XZ data compression in Linux¶
XZ is a general purpose data compression format with high compression ratio and relatively fast decompression. The primary compression algorithm (filter) is LZMA2. Additional filters can be used to improve compression ratio even further. E.g. Branch/Call/Jump (BCJ) filters improve compression ratio of executable data.
The XZ decompressor in Linux is called XZ Embedded. It supports the LZMA2 filter and optionally also BCJ filters. CRC32 is supported for integrity checking. The home page of XZ Embedded is at <https://tukaani.org/xz/embedded.html>, where you can find the latest version and also information about using the code outside the Linux kernel.
For userspace, XZ Utils provide a zlib-like compression library and a gzip-like command line tool. XZ Utils can be downloaded from <https://tukaani.org/xz/>.
Notes on compression options¶
Since the XZ Embedded supports only streams with no integrity check or CRC32, make sure that you don’t use some other integrity check type when encoding files that are supposed to be decoded by the kernel. With liblzma, you need to use either LZMA_CHECK_NONE or LZMA_CHECK_CRC32 when encoding. With the xz command line tool, use –check=none or –check=crc32.
Using CRC32 is strongly recommended unless there is some other layer which will verify the integrity of the uncompressed data anyway. Double checking the integrity would probably be waste of CPU cycles. Note that the headers will always have a CRC32 which will be validated by the decoder; you can only change the integrity check type (or disable it) for the actual uncompressed data.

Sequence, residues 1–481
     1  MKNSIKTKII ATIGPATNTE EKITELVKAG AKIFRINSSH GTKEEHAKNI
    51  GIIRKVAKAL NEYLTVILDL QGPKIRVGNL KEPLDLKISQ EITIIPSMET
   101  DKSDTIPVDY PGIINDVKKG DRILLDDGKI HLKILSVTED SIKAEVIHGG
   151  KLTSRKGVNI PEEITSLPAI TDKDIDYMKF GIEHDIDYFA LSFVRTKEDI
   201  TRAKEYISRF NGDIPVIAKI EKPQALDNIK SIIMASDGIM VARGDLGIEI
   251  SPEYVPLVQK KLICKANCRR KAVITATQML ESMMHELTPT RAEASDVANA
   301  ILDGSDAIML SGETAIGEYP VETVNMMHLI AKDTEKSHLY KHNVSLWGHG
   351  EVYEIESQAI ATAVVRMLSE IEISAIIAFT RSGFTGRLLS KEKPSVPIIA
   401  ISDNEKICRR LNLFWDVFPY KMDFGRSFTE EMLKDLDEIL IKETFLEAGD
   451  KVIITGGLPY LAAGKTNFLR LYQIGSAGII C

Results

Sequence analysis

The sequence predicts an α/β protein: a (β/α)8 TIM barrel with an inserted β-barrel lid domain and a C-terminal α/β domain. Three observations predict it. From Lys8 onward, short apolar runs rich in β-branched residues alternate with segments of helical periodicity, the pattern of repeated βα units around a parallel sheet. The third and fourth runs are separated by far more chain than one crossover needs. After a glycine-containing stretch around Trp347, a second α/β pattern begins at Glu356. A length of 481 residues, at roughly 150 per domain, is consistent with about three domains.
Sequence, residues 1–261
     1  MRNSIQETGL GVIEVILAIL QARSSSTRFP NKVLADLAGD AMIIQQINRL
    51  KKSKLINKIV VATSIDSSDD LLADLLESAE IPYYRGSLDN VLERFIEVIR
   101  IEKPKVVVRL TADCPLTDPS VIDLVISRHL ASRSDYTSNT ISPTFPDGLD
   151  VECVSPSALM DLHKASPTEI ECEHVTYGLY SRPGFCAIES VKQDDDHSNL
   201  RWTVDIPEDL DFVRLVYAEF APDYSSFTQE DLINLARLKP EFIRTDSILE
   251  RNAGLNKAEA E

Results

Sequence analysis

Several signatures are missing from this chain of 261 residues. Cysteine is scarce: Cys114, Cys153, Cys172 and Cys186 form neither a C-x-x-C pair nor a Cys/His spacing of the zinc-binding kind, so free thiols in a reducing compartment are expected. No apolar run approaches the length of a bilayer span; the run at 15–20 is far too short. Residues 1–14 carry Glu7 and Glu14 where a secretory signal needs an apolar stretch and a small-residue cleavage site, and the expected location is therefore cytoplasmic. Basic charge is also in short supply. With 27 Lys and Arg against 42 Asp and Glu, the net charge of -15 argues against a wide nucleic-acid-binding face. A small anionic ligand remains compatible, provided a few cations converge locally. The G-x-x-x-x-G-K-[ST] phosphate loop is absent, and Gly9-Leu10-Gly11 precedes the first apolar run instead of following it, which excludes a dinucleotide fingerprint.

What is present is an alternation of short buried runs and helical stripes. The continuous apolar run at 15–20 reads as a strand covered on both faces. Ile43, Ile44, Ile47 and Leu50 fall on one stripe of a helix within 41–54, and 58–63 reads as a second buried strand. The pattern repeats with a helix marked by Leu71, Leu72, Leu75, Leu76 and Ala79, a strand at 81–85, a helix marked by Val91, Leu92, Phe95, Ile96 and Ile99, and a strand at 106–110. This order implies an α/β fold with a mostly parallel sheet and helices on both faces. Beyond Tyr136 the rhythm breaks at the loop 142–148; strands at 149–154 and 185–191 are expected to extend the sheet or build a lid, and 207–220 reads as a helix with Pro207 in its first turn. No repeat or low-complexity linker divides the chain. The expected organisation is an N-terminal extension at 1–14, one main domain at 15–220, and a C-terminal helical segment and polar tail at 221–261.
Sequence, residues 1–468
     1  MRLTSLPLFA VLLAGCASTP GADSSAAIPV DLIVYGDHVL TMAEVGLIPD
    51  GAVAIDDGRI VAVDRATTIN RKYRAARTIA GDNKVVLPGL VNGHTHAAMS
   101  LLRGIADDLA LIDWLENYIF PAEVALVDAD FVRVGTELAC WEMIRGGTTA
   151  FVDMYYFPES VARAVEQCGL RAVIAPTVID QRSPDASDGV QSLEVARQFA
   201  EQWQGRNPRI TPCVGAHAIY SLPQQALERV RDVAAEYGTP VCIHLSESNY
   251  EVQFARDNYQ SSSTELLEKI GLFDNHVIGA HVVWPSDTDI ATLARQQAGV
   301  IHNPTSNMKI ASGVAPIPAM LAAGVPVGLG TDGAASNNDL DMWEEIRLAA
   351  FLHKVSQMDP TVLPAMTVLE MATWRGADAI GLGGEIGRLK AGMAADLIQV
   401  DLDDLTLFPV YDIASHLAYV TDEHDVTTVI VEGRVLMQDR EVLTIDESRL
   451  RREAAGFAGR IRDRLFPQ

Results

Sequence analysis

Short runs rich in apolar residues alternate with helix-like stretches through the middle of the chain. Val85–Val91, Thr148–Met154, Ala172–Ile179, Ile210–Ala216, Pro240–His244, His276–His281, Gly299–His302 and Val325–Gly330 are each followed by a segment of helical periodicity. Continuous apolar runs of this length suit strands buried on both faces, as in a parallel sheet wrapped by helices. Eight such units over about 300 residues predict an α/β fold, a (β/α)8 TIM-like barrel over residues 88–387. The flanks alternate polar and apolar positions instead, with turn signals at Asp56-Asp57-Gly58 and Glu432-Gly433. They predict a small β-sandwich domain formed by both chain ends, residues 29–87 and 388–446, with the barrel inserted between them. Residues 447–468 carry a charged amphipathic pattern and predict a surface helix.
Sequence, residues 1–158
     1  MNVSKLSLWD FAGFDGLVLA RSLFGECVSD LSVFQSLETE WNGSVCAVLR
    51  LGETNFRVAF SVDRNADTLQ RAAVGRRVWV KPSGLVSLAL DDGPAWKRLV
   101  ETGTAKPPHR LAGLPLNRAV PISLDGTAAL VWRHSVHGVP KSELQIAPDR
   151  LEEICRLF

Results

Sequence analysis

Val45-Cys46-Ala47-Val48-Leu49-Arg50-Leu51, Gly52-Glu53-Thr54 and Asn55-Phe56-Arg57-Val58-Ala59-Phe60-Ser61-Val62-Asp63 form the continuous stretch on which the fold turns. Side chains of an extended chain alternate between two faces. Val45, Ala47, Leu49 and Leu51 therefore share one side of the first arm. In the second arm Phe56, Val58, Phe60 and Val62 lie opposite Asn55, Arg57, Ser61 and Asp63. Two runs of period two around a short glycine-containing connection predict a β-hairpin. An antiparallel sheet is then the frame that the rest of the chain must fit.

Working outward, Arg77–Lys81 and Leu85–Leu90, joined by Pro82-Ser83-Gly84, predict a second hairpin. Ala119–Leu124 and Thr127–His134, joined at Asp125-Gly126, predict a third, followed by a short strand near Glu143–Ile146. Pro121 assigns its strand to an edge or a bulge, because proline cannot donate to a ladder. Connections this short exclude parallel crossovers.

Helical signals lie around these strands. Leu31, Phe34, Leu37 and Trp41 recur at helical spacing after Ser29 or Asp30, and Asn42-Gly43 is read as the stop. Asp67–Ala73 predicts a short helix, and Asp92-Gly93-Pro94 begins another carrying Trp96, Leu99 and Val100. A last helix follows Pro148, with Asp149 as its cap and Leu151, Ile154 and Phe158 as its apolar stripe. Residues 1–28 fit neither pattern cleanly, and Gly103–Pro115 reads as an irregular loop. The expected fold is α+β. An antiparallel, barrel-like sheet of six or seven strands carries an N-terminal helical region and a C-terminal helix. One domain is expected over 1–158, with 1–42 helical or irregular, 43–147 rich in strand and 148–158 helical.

In userspace, LZMA2 is typically used with dictionary sizes of several megabytes. The decoder needs to have the dictionary in RAM, thus big dictionaries cannot be used for files that are intended to be decoded by the kernel. 1 MiB is probably the maximum reasonable dictionary size for in-kernel use (maybe more is OK for initramfs). The presets in XZ Utils may not be optimal when creating files for the kernel, so don’t hesitate to use custom settings. Example:
xz --check=crc32 --lzma2=dict=512KiB inputfile
An exception to above dictionary size limitation is when the decoder is used in single-call mode. Decompressing the kernel itself is an example of this situation. In single-call mode, the memory usage doesn’t depend on the dictionary size, and it is perfectly fine to use a big dictionary: for maximum compression, the dictionary should be at least as big as the uncompressed data itself.
Creating a limited XZ encoder may be considered if people think it is useful. LZMA2 is slower to compress than e.g. Deflate or LZO even at the fastest settings, so it isn’t clear if LZMA2 encoder is wanted into the kernel.
Support for limited random-access reading is planned for the decompression code. I don’t know if it could have any use in the kernel, but I know that it would be useful in some embedded projects outside the Linux kernel.
Conformance to the .xz file format specification¶
There are a couple of corner cases where things have been simplified at expense of detecting errors as early as possible. These should not matter in practice all, since they don’t cause security issues. But it is good to know this if testing the code e.g. with the test files from XZ Utils.
Before reporting a bug, please check that it’s not fixed already at upstream. See <https://tukaani.org/xz/embedded.html> to get the latest code.
Report bugs to <firstname.lastname@example.org> or visit #tukaani on Freenode and talk to Larhzu. I don’t actively read LKML or other kernel-related mailing lists, so if there’s something I should know, you should email to me personally or use IRC.
Don’t bother Igor Pavlov with questions about the XZ implementation in the kernel or about XZ Utils. While these two implementations include essential code that is directly based on Igor Pavlov’s code, these implementations aren’t maintained nor supported by him.